Happy Fri-yay, Hubsters! Aaron here on the Wire to finish off the week.
Before we move onto deals, it’s Veterans Day, and I’d like to thank veterans for their service.
Healthcare heartbeat. As you probably know, one of the beats I cover is healthcare. This week, there were a few healthcare deals that caught my eye.
Urgent care exit. This week started off with a bang with Monday’s announcement that VillageMD is acquiring Summit Health-CityMD, a provider of primary, specialty and urgent care. The deal is valued at about $8.9 billion with investments from Walgreens Boots Alliance, and an affiliate of Evernorth, a subsidiary of Cigna.
When the deal closes, Warburg Pincus will exit Summit Health-CityMD. Summit Health has been backed by Warburg since 2017.
There is a lot to unpack about this deal and next week I’ve got an interview scheduled with Thomas “TJ” Carella, managing director and head of the healthcare group at Warburg. I’m looking forward to breaking this deal down and hearing what he has to say.
Here are some more recent healthcare deals of note:
Elevance Health (formerly known as Anthem) acquired BioPlus, a specialty pharmacy from CarepathRx, a portfolio company of Nautic Partners, a middle-market private equity firm that focuses on three industries: healthcare, industrials and services.
Elevance Health is a health insurance provider based in Indianapolis. No financial terms were disclosed, and the transaction is expected to close in the first half of 2023, upon which the specialty pharmacy will operate as part of IngenioRx, Elevance Health’s pharmacy benefit manager within Carelon, its healthcare services brand.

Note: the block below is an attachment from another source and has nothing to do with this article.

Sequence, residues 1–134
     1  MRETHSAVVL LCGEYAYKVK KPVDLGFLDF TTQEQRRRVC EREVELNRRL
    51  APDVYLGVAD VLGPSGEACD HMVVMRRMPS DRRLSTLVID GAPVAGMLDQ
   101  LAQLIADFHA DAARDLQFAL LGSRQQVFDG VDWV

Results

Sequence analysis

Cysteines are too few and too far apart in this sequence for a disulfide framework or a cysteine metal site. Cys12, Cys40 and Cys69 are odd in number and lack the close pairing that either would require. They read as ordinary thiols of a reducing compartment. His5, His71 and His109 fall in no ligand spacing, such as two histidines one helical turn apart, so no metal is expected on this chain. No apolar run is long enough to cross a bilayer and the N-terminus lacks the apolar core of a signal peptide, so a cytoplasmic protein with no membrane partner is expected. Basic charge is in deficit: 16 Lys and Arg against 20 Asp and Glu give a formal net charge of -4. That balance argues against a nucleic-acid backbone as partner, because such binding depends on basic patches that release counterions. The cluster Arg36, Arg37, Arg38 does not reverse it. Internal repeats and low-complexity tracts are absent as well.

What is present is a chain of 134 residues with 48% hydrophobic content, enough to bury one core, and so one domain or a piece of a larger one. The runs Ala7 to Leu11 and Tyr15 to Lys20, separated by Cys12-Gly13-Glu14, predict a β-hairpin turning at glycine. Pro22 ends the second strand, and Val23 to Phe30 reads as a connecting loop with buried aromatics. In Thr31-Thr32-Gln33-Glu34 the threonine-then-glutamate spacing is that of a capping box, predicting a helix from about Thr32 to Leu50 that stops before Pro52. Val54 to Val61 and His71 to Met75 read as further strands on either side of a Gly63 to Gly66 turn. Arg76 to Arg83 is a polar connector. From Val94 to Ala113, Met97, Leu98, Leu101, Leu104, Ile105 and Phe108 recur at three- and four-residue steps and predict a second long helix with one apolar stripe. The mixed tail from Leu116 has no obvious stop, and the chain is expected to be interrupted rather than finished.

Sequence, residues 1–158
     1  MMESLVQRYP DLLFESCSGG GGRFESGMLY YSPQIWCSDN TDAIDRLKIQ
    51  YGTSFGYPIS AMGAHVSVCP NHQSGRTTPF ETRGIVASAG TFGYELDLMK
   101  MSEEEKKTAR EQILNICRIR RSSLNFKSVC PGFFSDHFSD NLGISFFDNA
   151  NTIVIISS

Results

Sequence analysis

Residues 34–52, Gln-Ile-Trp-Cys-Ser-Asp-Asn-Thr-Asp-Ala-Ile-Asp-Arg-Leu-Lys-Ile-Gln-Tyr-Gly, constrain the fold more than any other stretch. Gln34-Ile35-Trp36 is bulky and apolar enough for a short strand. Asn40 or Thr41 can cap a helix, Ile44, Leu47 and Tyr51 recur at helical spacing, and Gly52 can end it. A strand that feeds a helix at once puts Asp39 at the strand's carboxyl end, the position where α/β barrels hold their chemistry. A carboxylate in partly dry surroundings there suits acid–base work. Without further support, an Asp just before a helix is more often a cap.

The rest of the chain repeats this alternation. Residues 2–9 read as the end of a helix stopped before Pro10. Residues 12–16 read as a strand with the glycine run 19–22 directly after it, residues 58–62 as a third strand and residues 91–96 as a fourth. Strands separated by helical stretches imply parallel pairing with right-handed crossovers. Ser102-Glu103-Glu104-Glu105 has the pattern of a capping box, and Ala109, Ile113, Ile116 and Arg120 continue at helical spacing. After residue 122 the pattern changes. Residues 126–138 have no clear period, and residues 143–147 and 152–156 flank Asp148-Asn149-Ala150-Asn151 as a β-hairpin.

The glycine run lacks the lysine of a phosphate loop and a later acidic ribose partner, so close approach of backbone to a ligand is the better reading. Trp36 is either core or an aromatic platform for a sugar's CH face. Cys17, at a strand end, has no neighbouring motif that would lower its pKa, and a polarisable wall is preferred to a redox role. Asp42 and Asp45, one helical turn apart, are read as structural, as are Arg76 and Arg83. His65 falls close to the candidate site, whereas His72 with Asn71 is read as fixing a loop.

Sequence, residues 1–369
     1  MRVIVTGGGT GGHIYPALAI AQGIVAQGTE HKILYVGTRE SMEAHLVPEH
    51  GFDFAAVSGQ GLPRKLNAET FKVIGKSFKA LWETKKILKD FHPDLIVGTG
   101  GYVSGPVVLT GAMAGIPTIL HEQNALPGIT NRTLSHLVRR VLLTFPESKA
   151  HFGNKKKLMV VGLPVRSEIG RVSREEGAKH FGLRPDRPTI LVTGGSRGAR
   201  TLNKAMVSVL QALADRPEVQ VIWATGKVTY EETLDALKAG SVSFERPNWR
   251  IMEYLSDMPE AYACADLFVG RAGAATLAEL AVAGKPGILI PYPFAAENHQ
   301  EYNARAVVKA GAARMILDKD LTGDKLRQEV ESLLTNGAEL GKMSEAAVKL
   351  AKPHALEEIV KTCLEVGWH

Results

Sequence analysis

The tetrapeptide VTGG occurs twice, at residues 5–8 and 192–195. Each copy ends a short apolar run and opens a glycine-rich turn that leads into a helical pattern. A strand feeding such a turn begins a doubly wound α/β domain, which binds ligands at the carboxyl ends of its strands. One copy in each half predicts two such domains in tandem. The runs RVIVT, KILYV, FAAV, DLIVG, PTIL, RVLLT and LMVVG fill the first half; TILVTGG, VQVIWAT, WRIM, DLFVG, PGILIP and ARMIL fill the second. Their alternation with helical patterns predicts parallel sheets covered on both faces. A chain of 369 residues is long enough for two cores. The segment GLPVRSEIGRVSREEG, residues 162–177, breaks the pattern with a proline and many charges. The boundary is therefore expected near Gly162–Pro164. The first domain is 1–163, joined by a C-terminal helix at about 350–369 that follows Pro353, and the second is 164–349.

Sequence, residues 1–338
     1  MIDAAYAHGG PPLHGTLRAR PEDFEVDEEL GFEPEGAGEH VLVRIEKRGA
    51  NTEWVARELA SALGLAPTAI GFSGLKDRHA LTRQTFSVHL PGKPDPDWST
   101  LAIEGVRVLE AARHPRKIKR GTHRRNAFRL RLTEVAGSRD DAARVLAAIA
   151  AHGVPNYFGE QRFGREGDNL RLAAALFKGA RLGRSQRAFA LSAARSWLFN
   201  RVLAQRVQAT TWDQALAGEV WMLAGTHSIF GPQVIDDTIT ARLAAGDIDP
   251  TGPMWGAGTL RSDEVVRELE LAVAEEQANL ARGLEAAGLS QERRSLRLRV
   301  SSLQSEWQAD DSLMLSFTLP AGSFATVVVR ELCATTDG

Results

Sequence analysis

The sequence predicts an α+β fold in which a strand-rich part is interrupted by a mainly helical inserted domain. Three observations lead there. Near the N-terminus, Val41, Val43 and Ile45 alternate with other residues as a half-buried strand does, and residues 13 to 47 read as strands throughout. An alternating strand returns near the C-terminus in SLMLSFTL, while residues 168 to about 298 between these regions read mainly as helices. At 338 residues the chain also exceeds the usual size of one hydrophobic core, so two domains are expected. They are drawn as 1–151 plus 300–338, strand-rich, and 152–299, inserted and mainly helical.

“As a trusted, lifetime health partner, the acquisition of BioPlus helps us deliver on our whole-health strategy that gives our consumers improved access and reliability to their prescriptions when they need it most,” said Pete Haytaian, executive vice president, Elevance Health and president of Carelon. “In making BioPlus part of the Elevance Health family, we are committed to leveraging our resources to scale and broaden the reach of BioPlus’ best-in-class specialty pharmacy capabilities, delivering greater affordability and access to critical medications.”
Another deal was in the contract development and manufacturing organization (CDMO) space.
GHO Capital Partners and The Vistria Group agreed to acquire a controlling stake in Alcami, a North Carolina-based pharmaceutical CDMO. The sellers are Madison Dearborn Partners and Ampersand Capital Partners, who reinvested significant equity as part of the acquisition.